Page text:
by Robert Lanza, M.D.
from PsychologyToday Website
that transcends our ordinary
linear way of thinking.
New evidence continues to suggest that
Einstein was right, death is an illusion.
Amazingly, if you add life and consciousness to the equation, you can explain some of the biggest puzzles of science.
For instance, it becomes clear why space
and time - and even the properties of matter itself - depend on the
observer. It also becomes clear why the laws, forces, and constants
of the universe appear to be exquisitely fine-tuned for the
existence of life.
In truth, you can't see anything through the bone that surrounds your brain.
Your eyes are not portals to the world. Everything you see and experience right now‚ even your body, is a whirl of information occurring in your mind. According to biocentrism, space and time aren't the hard, cold objects we think.
Wave your hand through the air - if you
take everything away, what's left? Nothing. The same thing applies
for time. Space and time are simply the tools for putting everything
So how can a particle change its
behavior depending on whether you watch it or not? The answer is
simple, reality is a process that involves your consciousness.
So why should it matter to a particle what you decide to measure? And how can pairs of entangled particles be instantaneously connected on opposite sides of the galaxy as if space and time don't exist?
Again, the answer is simple:
Death doesn't exist in a timeless, spaceless world.
Immortality doesn't mean a perpetual
existence in time, but resides outside of time altogether.
They let one photon finish its journey - it had to decide whether to be either a wave or a particle.
Researchers stretched the distance the other photon took to reach its own detector. However, they could add a scrambler to prevent it from collapsing into a particle. Somehow, the first particle knew what the researcher was going to do before it happened, and across distances instantaneously as if there were no space or time between them.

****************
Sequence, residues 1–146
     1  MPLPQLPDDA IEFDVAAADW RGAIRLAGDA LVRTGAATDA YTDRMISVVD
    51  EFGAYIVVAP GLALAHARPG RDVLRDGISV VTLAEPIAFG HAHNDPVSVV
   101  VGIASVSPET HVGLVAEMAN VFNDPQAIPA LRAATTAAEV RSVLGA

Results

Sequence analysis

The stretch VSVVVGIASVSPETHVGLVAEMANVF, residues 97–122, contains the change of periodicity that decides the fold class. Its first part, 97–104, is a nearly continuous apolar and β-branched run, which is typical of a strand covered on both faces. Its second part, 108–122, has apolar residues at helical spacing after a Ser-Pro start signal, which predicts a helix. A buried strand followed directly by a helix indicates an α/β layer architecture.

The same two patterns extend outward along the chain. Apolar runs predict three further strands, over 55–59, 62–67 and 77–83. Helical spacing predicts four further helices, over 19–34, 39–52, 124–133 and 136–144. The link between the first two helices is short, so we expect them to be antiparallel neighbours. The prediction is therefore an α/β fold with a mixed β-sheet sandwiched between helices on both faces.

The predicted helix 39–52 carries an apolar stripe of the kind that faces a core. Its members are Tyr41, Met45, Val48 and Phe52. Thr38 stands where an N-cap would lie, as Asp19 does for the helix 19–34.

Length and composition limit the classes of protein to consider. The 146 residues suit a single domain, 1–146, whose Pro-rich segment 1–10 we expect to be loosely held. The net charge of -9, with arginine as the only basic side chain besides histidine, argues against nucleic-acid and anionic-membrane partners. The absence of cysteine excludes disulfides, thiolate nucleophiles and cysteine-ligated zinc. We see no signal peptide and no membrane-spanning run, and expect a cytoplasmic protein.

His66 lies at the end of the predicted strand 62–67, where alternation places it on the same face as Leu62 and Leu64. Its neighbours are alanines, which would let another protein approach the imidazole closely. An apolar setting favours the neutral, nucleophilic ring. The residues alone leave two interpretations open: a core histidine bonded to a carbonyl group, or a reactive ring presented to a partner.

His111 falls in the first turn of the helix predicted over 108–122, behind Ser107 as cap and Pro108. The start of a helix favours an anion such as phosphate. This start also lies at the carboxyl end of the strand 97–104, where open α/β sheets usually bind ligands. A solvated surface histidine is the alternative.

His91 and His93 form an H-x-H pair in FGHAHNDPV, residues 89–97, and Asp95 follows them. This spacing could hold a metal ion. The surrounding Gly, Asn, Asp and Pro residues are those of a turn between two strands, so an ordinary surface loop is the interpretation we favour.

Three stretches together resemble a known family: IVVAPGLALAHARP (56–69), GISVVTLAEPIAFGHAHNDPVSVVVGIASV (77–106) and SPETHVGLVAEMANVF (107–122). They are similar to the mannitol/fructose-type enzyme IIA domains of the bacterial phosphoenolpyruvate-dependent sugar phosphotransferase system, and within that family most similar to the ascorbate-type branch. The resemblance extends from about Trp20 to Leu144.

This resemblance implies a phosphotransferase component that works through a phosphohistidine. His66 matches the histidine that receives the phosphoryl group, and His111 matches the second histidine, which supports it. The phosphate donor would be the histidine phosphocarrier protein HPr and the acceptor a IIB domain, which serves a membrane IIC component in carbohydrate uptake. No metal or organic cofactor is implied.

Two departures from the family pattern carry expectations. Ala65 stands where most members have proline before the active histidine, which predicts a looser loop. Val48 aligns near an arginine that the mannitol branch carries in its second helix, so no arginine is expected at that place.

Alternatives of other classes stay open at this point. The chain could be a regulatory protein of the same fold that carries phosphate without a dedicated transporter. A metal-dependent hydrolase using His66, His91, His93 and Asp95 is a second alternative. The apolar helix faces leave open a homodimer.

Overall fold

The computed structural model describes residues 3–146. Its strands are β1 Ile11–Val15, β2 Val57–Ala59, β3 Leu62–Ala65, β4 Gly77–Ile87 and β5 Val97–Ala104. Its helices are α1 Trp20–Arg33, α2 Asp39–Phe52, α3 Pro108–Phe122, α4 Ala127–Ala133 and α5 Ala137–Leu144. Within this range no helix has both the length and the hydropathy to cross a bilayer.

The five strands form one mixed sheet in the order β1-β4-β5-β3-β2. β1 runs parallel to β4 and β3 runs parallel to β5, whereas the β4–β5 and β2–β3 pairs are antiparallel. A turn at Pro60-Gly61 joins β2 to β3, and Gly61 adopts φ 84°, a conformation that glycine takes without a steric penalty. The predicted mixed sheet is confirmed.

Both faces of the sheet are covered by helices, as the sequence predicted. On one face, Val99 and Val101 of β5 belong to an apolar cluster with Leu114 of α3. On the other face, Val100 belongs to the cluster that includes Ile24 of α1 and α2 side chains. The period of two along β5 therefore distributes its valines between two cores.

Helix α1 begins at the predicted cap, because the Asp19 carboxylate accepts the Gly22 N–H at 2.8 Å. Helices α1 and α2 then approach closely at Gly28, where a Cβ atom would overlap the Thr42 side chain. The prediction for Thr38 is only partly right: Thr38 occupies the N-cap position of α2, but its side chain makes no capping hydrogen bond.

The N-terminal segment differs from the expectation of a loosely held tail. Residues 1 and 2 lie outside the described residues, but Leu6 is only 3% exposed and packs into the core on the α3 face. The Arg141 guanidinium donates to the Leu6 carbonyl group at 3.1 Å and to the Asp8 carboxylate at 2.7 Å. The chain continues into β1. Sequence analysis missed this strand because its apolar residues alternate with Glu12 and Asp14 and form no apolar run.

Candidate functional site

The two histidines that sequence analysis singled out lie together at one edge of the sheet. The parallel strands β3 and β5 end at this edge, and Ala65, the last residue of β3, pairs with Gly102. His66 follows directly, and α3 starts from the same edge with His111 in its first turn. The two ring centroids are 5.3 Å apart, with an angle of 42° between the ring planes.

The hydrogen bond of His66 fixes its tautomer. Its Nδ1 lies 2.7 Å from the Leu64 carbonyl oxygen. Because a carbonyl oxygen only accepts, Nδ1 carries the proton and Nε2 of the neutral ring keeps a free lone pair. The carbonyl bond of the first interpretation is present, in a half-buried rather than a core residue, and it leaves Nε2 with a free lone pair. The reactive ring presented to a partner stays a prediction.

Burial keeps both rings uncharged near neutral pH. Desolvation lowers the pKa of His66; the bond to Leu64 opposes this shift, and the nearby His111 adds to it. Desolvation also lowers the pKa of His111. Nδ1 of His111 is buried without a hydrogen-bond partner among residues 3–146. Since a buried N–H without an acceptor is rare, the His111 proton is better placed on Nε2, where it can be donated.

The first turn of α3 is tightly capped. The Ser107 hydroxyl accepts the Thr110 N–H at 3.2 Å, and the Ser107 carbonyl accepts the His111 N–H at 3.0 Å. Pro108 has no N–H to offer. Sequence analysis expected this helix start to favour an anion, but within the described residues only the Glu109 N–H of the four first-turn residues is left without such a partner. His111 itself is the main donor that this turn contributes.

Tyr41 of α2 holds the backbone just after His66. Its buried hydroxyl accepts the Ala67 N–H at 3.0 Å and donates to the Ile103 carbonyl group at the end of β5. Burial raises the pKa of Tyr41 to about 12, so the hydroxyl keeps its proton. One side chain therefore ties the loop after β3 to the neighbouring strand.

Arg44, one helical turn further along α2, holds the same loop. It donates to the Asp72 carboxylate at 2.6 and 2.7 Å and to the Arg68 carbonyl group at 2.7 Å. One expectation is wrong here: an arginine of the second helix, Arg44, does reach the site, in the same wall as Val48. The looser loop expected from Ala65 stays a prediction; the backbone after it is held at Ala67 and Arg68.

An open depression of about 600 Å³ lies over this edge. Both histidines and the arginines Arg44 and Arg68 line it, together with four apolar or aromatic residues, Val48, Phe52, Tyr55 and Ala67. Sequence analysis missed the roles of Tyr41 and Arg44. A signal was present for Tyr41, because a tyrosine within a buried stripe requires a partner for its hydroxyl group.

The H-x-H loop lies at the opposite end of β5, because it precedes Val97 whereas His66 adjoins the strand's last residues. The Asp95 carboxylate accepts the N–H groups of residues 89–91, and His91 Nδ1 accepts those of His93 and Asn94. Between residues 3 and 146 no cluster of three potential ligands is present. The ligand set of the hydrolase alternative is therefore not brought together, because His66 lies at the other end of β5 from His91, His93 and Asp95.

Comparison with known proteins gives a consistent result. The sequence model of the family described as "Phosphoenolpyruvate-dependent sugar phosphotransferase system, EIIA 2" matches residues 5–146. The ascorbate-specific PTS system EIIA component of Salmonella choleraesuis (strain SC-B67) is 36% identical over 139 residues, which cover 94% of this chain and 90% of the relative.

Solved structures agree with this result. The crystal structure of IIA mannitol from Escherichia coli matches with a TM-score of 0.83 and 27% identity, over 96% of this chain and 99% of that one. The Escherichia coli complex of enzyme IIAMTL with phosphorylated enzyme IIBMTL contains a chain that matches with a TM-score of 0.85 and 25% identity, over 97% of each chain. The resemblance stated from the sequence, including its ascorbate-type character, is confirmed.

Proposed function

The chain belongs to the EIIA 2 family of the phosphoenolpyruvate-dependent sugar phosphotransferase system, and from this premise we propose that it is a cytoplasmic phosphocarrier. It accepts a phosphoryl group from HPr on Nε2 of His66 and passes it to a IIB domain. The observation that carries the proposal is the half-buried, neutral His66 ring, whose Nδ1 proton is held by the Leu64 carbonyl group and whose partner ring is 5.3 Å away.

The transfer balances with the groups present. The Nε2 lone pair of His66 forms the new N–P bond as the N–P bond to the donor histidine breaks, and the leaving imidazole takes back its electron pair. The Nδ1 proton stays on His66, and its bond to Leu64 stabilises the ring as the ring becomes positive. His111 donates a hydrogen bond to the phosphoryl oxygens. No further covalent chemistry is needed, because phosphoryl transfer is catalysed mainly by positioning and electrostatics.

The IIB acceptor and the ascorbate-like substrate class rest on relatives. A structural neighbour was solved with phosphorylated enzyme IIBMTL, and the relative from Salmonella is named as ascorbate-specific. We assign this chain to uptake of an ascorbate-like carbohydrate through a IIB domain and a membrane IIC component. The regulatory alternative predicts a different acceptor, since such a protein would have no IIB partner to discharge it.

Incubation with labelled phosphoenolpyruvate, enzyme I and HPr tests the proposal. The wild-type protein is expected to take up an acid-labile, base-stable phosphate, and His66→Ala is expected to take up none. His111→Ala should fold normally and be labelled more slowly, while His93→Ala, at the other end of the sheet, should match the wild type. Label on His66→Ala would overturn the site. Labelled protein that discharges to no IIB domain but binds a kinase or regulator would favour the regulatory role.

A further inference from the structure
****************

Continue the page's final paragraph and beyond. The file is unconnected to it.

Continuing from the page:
They decide not to become particles before their twin even encounters the scrambler. It doesn't matter how we set up the experiment. Our mind and its knowledge is the only thing that determines how they behave.
Experiments consistently confirm these
Consider another experiment that was recently published in the prestigious scientific journal Science (Jacques et al, 315, 966, 2007). Scientists in France shot photons into an apparatus, and showed that what they did could retroactively change something that had already happened in the past.
As the photons passed a fork in the apparatus, they had to decide whether to behave like particles or waves when they hit a beam splitter. Later on - well after the photons passed the fork - the experimenter could randomly switch a second beam splitter on and off. It turns out that what the observer decided at that point, determined what the particle actually did at the fork in the past.
At that moment, the experimenter chose
A couple years ago, researchers published a paper in Nature (Entangled Mechanical Oscillators - Jost et al, 459, 683, 2009) showing that quantum behavior extends into the everyday realm.
Pairs of vibrating ions were coaxed to entangle so their physical properties remained bound together when separated by large distances ("spooky action at a distance," as Einstein put it).
Other experiments with huge molecules
also show that quantum reality extends beyond the microscopic world.
And in 2005, KHC03 crystals exhibited entanglement ridges one-half
inch high, quantum behavior nudging into the ordinary world of
Instead, there is a range of possible observations each with a different probability.
One mainstream explanation, the "many-worlds" interpretation, states that each of these possible observations corresponds to a different universe (the 'multiverse').
There are an infinite number of
universes and everything that could possibly happen occurs in some
universe. Death does not exist in any real sense in these scenarios.
All possible universes exist simultaneously, regardless of what
happens in any of them.
Life has a non-linear dimensionality; it's like a perennial flower that returns to bloom in the multiverse.